Iran's efforts to get along with Western nations continued yesterday when a Newsweek correspondent jailed four months ago during massive protests that followed the disputed June presidential election was released on bail. A pro-government news agency in Tehran said Newsweek reporter Maziar Bahari, an Iranian-Canadian, was freed on nearly $300,000 bail after confessing to charges of propagandizing against Iran and other charges, according to Cable News Network (CNN). Bahari was among 1,000 arrested in the protests that erupted after Iran's election commission said incumbent President Mahmoud Ahmedinejad had been overwhelmingly re-elected. Ahmedinejad's main challenger, Mir Hussein Moussavi, claimed the results were fraudulent, prompting the demonstrations. Bahari was one of 100 journalists, reform leaders and former ministers who went on trial in Iran's Revolutionary Court in August, CNN said. Iran's crackdown on the protests was consistent with its belligerence toward Western nations accusing Tehran of trying to develop nuclear weapons under the guise of a civilian nuclear power program. Suspicions about Iran's program were heightened last month, despite the country's denials, when the United States revealed the existence of a secret nuclear enrichment facility near the holy Shiite city of Qom, in north-central Iran west of Tehran. But Iran abruptly changed course on its nuclear program, agreeing to allow international inspectors into the Qom facility and to export nearly all of its nuclear fuel for processing. Newsweek, which has denied that Bahari was engaged in anything but reporting, said Saturday that Iranian authorities did not give a reason why the journalist was released but that "humanitarian considerations were presumed to have played a role in the decision." Bahari, 42, is expecting his first child Oct. 26 and the mother has suffered "health complications," Newsweek said. The magazine also said on its Web site that Bahari's case was raised at recent talks between the United States and Iran in Geneva that resulted in the Qom agreement. Other charges filed against Bahari by Iranian authorities included favoring opposition groups, sending foreign reports to foreign media, disturbing the peace and possessing confidential documents, the Fars news agency reported, CNN said.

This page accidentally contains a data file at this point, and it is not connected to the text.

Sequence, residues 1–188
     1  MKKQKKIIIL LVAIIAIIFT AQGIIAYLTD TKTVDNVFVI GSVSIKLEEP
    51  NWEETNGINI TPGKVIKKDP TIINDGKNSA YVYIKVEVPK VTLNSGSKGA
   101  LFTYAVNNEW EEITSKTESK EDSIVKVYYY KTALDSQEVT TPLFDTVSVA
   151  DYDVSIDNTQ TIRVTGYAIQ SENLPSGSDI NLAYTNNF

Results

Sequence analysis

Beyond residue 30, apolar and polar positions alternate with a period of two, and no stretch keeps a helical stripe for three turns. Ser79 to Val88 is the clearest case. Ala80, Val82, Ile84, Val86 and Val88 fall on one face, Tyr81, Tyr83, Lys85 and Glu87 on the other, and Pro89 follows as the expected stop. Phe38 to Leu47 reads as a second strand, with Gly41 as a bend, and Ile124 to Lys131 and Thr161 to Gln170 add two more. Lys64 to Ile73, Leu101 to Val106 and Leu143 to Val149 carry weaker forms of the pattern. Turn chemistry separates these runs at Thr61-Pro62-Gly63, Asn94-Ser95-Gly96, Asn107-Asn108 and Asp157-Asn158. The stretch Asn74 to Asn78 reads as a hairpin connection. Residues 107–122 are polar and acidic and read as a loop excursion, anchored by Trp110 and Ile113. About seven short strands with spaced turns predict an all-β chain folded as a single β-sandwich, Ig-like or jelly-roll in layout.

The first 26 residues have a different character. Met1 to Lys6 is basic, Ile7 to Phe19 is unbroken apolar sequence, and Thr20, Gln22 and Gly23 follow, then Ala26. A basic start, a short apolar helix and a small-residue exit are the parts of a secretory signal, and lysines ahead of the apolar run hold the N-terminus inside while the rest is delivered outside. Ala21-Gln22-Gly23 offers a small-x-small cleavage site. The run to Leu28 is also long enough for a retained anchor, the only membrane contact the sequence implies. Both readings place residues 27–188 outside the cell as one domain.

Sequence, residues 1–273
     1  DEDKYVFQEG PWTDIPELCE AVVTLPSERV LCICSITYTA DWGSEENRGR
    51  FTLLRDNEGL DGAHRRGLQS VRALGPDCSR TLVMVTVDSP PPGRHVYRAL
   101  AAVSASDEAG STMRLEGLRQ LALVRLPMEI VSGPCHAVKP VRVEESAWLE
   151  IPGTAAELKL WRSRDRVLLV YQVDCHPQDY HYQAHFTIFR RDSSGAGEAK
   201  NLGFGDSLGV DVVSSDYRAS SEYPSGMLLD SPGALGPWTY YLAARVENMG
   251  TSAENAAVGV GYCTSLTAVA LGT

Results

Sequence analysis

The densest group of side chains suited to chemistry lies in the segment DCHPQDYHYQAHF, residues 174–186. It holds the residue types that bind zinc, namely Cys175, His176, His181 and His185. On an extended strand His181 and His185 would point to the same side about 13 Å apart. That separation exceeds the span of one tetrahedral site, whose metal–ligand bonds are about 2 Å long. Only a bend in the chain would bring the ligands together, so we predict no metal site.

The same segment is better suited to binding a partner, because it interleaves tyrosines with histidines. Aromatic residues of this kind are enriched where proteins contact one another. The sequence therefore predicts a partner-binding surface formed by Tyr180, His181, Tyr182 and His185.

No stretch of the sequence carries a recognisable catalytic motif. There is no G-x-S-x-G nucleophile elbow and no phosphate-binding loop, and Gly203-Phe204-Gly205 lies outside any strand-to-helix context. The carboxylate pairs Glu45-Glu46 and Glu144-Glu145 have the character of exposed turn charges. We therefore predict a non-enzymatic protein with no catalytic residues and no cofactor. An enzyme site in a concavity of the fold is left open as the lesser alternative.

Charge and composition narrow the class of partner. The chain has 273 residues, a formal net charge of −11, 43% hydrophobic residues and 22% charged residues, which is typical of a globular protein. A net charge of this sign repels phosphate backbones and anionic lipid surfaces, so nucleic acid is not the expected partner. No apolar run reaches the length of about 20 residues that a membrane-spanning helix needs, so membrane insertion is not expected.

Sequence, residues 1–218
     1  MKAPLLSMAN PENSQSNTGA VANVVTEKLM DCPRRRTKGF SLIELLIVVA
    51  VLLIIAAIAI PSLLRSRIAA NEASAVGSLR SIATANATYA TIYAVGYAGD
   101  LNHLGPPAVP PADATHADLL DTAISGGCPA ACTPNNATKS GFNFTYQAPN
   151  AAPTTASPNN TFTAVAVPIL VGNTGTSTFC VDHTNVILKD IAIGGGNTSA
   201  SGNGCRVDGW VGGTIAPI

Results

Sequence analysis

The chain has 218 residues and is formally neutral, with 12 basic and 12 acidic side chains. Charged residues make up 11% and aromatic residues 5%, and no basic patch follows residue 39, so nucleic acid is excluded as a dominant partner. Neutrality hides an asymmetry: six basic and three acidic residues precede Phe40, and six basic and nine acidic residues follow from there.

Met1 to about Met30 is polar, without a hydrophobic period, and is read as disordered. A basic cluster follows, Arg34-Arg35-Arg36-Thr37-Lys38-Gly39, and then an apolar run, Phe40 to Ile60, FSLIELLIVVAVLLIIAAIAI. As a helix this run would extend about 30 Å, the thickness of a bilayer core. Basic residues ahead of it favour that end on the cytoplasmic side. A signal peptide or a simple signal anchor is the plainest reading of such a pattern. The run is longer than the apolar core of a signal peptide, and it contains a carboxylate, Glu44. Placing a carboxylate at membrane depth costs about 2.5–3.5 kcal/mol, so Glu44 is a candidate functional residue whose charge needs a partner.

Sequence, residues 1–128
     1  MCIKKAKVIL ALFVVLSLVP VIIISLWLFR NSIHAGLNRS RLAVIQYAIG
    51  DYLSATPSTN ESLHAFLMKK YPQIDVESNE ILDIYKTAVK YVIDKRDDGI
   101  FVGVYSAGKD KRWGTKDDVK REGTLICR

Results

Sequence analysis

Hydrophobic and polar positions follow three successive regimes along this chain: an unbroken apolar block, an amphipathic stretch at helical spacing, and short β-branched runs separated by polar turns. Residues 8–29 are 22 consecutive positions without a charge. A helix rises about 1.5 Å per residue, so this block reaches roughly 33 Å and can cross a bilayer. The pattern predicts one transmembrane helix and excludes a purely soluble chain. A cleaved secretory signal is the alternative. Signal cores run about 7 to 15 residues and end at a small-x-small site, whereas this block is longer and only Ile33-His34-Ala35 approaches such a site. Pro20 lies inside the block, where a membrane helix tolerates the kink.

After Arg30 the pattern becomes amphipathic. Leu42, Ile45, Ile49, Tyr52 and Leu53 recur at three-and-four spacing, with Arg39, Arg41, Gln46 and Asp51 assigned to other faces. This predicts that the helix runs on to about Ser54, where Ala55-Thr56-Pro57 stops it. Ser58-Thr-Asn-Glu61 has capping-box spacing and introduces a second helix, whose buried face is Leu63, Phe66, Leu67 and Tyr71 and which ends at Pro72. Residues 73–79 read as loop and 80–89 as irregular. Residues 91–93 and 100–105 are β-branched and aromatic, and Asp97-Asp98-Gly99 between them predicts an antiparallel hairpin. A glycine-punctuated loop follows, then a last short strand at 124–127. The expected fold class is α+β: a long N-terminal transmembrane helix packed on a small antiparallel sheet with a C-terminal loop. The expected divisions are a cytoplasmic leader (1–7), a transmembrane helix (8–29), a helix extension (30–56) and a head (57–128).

Saturday, October 17, 2009

Trial of ex-BART cop who killed passenger ordered moved from Oakland